We take three meals per day – breakfast, a hearty lunch, and a light snack after sunset. Adriana and I often grab mini snacks during the night watches. During this first week, we have eaten mostly fresh stuff: often a combination of salad, a vegetable, and quinoa, eggs or tofu for protein. We are taking minimal dairy, no milk at all, and just small portions of chocolate. Granola, nuts and oat bars have been a night-favorite. Starting this week (the second) we begin eating the meals we pre-cooked before departure. On today’s menu, for instance, there’s shredded chicken breast, slow cooked, with freshly made whole rice. Yummm!
With all this how about seasickness? To start with, we avoid things that trigger seasickness – dairy being one of them. Then there are the individual patterns. Paulo is super resistant to seasickness, and has suffered very little. Adriana often gets seasick when she spends long times in the cabin, but she has a notable capacity to recover quickly. Raquel and I compete for the most-seasickness-prone title onboard. But, as mentioned before, I am taking sturgeron and that has taken seasickness out of my system. Raquel, on the other hand, refused to take it and fell seasick on day 2. She lay in the cockpit for the rest of the week, eating and drinking very minimal amounts. We were growing concerned. Then, yesterday, precisely when we had the roughest seas yet, she stood up, a grin on the face, said she had “gotten in the groove”, said she was starving and went in the cabin to play with Paulo. She’s acquired her sea legs.
Now, some housekeeping. With no outside dirt coming in, the cabin has stayed cleaner than I expected. We are also keeping it reasonably tidy. Trash has been less than an issue than I anticipated as well. All plastic and carton leftovers are cleaned, then folded carefully, and stuffed inside large containers. All organic waste goes to the sea, as well as paper (all purpose-built biodegradable rating). Due to the constant movement, it is always difficult to move inside, and each of us have bruises from it. Adriana even probably broke a toe right on day one, when she tripped inside the cabin (it’s been treated and she is fine now).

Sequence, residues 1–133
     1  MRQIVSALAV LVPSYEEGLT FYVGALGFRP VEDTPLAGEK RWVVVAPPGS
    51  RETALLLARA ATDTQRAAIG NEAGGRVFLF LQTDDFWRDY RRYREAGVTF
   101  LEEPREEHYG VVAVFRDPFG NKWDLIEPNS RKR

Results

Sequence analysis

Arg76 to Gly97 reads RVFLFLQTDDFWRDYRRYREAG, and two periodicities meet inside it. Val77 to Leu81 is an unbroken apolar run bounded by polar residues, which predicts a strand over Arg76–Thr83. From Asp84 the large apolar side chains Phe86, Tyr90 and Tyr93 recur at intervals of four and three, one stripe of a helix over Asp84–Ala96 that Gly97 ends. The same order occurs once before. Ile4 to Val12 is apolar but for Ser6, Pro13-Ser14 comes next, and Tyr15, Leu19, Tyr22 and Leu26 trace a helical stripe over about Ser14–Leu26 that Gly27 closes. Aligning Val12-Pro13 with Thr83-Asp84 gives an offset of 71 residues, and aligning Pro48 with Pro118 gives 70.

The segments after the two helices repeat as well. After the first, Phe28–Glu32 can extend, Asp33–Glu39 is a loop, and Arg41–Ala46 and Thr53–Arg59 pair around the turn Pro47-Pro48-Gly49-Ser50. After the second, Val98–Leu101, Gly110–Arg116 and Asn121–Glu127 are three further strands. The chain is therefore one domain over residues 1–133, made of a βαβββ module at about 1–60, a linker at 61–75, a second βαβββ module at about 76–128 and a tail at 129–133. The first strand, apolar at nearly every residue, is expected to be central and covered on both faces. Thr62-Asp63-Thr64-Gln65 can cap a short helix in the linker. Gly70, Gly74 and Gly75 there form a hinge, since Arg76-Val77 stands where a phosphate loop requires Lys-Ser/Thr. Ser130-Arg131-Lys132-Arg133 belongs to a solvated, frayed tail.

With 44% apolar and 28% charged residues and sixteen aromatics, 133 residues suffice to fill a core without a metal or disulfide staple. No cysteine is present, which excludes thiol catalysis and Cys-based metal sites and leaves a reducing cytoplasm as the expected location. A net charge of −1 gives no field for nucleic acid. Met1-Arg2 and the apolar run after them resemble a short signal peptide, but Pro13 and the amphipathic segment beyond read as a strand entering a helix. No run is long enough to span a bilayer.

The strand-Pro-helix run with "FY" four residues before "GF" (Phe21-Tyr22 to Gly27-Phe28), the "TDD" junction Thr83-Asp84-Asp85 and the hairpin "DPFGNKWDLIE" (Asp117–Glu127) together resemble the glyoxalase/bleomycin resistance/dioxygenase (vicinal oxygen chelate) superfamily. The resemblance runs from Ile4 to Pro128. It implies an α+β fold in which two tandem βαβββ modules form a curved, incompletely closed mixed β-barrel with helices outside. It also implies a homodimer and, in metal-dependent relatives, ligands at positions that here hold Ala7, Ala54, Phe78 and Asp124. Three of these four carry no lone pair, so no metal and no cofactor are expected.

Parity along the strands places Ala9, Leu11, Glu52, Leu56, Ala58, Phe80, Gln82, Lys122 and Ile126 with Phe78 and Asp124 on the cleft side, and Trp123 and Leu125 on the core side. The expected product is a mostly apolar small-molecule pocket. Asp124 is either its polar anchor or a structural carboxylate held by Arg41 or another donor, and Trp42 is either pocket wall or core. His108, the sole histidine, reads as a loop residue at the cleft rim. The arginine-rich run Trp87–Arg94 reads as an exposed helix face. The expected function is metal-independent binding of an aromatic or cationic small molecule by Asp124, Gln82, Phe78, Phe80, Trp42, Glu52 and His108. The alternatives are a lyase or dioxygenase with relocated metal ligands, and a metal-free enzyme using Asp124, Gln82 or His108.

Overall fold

Energy: we have been using a lot. Electronics, satellite communication, fridge/ freezer and the autopilot. Unfortunately the solar panels aren’t being able to do their best due to shadows, clouds and bird poop, and we are having to run the generator a lot more than anticipated. Something of a concern for the latter stages of this voyage, when having the ability to motor for long hours is a premium.
And how does it feel, in general? Yesterday morning I was talking to Adriana about it, and the short answer is that it feels great. Every day we take strong pride measuring our progress and watching our track get longer over the map. To watch the deep blue color of the ocean out here is a privilege we are very fond of. The little interaction there is with sealife is always a reward. Everyday we look forward to reading messages received from family and friends, and take great joy in knowing dear people are sharing this experience with us on the blog. There is also a strong sense of belonging. There are over 20 yachts doing the jump right now. We communicate with them over the radio and satellite comms. And, finally but perhaps most important, Adriana and I feel good to be providing this experience for Paulo and Raquel.
So, that’s it, my written picture of how it has been to us so far.
Have questions or curiosity regarding any of these or other aspects of our life out here? Send us a free message, and we will reply here on the blog. Instructions can be found at www.familygonesailing.com/links.
Have a great week!